TIP #1: The Elusive “Perfect” Photo May Be One-in-a-Thousand – Quantity (and a little bit of luck) will almost always ensure quality. Since babies are unpredictable and the more shots you have, the better. Don’t be afraid to fill up your camera’s entire memory in one photography session and then delete the ones that don’t turn out.
TIP #2: Always, always, always have your digital camera out and charged – To make sure you get as many milestones as possible, have your digital camera ready all the time. Make photographing your infant part of your routine. By taking pictures regularly, you can also more easily track growth and development, as your digital photos will have date markers in ‘file properties.’ Your images can actually be a better memory and diary tool than hand-written notes.
TIP #3: Catch All Your Baby’s Moods – Don’t fixate on making your baby look beautiful in each photo. If you’re trying to get a posed shot or portrait of your little one, pay attention to your baby’s schedule. A pout or frown can work just as well as a smile and may be more endearing years later.
TIP #4: Capture Those Perfect Parts – Don’t forget to take individual close-up pictures of your baby’s hand grasping an adult finger, little toes, and your baby from the back sitting up. Also, take pictures of their favorite toys, books and nursery items. These great images and memories will be around a lot longer than the items will.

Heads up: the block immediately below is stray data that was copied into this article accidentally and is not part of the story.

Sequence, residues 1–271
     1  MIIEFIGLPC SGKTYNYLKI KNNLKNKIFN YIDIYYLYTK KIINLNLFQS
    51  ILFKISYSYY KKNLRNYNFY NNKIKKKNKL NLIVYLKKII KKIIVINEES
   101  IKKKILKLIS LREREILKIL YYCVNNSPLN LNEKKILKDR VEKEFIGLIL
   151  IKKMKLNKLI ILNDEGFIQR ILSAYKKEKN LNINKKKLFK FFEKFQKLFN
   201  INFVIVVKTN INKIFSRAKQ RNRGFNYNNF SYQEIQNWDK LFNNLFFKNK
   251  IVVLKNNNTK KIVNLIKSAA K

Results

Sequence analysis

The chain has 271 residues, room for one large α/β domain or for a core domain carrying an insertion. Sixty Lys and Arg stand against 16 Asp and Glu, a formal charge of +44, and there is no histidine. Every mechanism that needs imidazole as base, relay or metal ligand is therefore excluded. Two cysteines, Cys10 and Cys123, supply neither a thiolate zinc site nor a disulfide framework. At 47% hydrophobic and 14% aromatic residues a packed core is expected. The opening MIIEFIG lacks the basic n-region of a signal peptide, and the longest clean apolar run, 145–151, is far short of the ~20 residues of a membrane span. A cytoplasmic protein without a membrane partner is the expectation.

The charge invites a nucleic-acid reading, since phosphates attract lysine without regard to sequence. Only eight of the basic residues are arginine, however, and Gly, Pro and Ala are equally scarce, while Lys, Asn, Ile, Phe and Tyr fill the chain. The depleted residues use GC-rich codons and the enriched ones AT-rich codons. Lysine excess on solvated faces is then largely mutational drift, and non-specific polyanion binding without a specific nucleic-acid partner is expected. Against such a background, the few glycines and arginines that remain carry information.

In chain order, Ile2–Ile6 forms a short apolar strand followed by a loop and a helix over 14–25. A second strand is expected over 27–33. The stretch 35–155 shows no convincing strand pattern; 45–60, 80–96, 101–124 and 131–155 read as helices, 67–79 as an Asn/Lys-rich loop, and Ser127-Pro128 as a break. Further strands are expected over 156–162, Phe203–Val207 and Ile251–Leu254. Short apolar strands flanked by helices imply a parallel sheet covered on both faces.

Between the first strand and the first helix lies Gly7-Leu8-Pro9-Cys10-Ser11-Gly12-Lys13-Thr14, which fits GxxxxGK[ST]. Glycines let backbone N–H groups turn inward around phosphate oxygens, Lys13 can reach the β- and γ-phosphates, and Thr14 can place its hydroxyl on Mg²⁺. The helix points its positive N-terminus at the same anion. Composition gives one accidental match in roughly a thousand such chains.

TIP #5: Lose the Bird’s Eye View – Most parent take photos of their baby standing above them, giving the photos a “bird’s eye view” look. Get down on your baby’s level. By aligning yourself (and your camera) with your baby, you’ll get a much better perspective and angle in your shots. Even if they are not looking directly into the camera, capturing a gaze or thought is much more interesting from this angle.
TIP #6 Good Lighting = Great Photos. Period. – Think bright, soft light. If you’re outdoors, cloudy days work well, as well as the end areas of shade. Avoid deep shade (too dark), bright sunlight (squinting and overexposure) and dimly lit rooms. Test the light by putting your hand in front of your camera and seeing how “natural” your skin tone looks. Inside next to windows works perfectly, well –lit rooms. Flash can work well in filling in shadows, but babies’ eyes are sensitive, so avoid flash wherever possible.
TIP #7 Don’t trap your photos to your hard drive – Print them! And when you do, use only the highest quality cards. MyPublisher offers exceptionally high quality cards with standard envelope liners .